Oral Roberts Puts On Cinderella’s Dancing Shoes




If we’re being honest: the Golden Eagles of Oral Roberts University weren’t even supposed to be “invited” to the proverbial dance that is the 2021 NCAA Tournament.

After all, they were far from a favorite to even win their own conference tournament in the Summit League (San Diego State was the top seed and one of the 20 best teams in the nation), which likely would’ve been the only way they would’ve gotten a dance invitation in the first place. They were near the bottom of the country in both points allowed per game, and in rebounds per game overall.

But, of course: there’s a reason they call it “March Madness.”

And amidst said madness, the Golden Eagles went from a #15 seed in the 2021 NCAA Tournament to one of the teams still standing entering the second weekend of the tournament, earning a spot among the teams in “Sweet 16.”


On the opening day of the tournament, in one of the tournament’s very first game, Oral Roberts defeated Ohio State – the latter of whom was ranked among the top 8 teams in the nation, according to the AP/Coaches Poll – in a thrilling overtime win. In the Round of 32, it looked like the clock might strike twelve for the Golden Eagles, but instead, they erased an 11-point deficit on the way to defeating the University of Florida Gators.

What the Golden Eagles might lack in size and defensive prowess, they more than make up for with one of the most dangerous components in the game of basketball: clutch shooting. Year after year, “Giant Killers” are born when they’re able to take (and make) shots from the outside, which exactly fits the modus operandi of Oral Roberts. They led the nation with 11.3 3-pointers made per game, and finished as the best free-throw shooting team in the country, registering a 82.4 percent mark from the line as a team.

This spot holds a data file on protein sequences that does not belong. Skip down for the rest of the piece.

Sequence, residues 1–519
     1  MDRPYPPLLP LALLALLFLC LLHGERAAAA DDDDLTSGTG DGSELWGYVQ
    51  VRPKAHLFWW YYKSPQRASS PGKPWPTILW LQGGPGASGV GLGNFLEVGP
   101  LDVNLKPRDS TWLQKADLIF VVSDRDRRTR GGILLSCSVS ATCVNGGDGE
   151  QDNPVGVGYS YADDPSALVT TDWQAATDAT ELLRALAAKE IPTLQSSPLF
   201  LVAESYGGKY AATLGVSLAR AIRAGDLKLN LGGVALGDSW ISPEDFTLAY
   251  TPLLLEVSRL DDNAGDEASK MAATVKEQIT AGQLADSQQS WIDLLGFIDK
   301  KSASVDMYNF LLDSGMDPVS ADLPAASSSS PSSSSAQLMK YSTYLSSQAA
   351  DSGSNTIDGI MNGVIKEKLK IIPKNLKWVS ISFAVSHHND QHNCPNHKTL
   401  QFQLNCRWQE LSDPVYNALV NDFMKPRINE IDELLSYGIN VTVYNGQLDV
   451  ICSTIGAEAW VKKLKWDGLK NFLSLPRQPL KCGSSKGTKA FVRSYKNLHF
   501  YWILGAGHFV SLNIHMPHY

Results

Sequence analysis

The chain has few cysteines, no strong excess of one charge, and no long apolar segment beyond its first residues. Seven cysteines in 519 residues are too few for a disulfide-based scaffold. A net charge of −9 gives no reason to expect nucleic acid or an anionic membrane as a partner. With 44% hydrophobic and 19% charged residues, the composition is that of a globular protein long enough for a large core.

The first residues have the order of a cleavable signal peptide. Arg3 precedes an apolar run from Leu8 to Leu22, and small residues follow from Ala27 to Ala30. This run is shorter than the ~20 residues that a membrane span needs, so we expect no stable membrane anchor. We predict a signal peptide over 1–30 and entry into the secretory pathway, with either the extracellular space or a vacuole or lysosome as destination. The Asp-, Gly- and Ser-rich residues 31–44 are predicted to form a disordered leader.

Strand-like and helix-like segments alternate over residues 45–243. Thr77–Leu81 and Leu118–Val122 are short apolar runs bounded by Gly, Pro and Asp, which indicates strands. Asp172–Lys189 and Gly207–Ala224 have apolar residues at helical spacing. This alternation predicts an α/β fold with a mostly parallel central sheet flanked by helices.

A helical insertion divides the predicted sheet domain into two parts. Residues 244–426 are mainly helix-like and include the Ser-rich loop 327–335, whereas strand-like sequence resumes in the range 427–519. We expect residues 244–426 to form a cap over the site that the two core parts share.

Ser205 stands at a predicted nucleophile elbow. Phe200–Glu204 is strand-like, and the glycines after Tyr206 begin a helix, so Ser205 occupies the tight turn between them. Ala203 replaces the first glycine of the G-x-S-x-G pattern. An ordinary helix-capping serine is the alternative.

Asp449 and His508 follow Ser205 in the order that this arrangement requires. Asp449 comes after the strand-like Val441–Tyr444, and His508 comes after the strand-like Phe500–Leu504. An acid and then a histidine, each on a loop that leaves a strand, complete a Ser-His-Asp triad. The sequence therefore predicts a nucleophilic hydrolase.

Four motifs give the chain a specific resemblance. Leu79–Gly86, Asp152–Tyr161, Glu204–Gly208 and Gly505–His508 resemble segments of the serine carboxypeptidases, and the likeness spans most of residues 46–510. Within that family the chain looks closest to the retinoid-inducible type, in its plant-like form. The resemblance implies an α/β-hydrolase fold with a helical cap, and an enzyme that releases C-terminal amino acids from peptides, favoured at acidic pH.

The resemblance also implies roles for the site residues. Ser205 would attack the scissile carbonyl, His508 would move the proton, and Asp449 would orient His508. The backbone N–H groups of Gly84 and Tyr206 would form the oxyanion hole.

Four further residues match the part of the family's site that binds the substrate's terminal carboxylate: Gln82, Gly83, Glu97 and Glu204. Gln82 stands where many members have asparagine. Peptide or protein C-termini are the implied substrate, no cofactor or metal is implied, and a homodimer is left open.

And while the Golden Eagles aren’t loaded with a bunch of blue chip future NBA guys, they are far from devoid of basketball talent. Sophomore guard Max Abmas led the nation in scoring with 24.2 points per game, and had seven different games in which he scored at least 30 points; that included a 42-point game against South Dakota State in February, the highest point total by any player in college basketball this year.

Abmas has had a tag-team scoring partner in in junior Kevin Obanor, who actually led the Golden Eagles in scoring in both of their tournament games to date; he had 30 against the Buckeyes, and followed that up with 28 against the Gators.

Abmas and Obanor now represent two of the best players in the nation among the teams remaining in the tournament. Their ability to stroke it from afar could very well pose problems for the University of Arkansas, who will have the unenviable task of trying to dispatch the Golden Eagles.

Led by NBA prospect Moses Moody, the Razorbacks survived the valiant efforts of Texas Tech University in the Round of 32, and will now find themselves playing against one of the most feared opponents in any sporting event: the team playing with house money, and dancing with nothing to lose.


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